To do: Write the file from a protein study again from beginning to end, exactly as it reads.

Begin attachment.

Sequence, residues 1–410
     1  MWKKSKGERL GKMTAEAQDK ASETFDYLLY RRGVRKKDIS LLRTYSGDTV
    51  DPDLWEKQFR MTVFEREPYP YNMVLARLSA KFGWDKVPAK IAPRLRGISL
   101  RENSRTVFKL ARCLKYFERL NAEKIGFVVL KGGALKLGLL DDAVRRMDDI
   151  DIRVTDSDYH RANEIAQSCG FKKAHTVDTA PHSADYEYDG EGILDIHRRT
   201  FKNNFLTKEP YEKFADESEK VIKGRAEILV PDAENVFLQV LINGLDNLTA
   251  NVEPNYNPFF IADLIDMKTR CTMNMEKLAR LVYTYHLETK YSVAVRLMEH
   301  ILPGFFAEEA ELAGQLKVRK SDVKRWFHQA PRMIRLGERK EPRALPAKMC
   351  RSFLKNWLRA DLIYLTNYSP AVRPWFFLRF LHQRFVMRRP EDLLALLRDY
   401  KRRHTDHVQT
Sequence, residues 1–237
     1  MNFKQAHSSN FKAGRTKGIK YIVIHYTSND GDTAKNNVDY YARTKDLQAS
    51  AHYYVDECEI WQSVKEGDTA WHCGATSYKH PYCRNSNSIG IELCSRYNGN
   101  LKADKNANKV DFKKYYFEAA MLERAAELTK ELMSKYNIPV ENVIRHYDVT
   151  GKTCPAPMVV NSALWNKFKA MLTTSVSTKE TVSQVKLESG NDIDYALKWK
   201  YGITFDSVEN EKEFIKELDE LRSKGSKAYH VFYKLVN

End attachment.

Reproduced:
Sequence, residues 1–410
     1  MWKKSKGERL GKMTAEAQDK ASETFDYLLY RRGVRKKDIS LLRTYSGDTV
    51  DPDLWEKQFR MTVFEREPYP YNMVLARLSA KFGWDKVPAK IAPRLRGISL
   101  RENSRTVFKL ARCLKYFERL NAEKIGFVVL KGGALKLGLL DDAVRRMDDI
   151  DIRVTDSDYH RANEIAQSCG FKKAHTVDTA PHSADYEYDG EGILDIHRRT
   201  FKNNFLTKEP YEKFADESEK VIKGRAEILV PDAENVFLQV LINGLDNLTA
   251  NVEPNYNPFF IADLIDMKTR CTMNMEKLAR LVYTYHLETK YSVAVRLMEH
   301  ILPGFFAEEA ELAGQLKVRK SDVKRWFHQA PRMIRLGERK EPRALPAKMC
   351  RSFLKNWLRA DLIYLTNYSP AVRPWFFLRF LHQRFVMRRP EDLLALLRDY
   401  KRRHTDHVQT
Sequence, residues 1–237
     1  MNFKQAHSSN FKAGRTKGIK YIVIHYTSND GDTAKNNVDY YARTKDLQAS
    51  AHYYVDECEI WQSVKEGDTA WHCGATSYKH PYCRNSNSIG IELCSRYNGN
   101  LKADKNANKV DFKKYYFEAA MLERAAELTK ELMSKYNIPV ENVIRHYDVT
   151  GKTCPAPMVV NSALWNKFKA MLTTSVSTKE TVSQVKLESG NDIDYALKWK
   201  YGITFDSVEN EKEFIKELDE LRSKGSKAYH VFYKLVN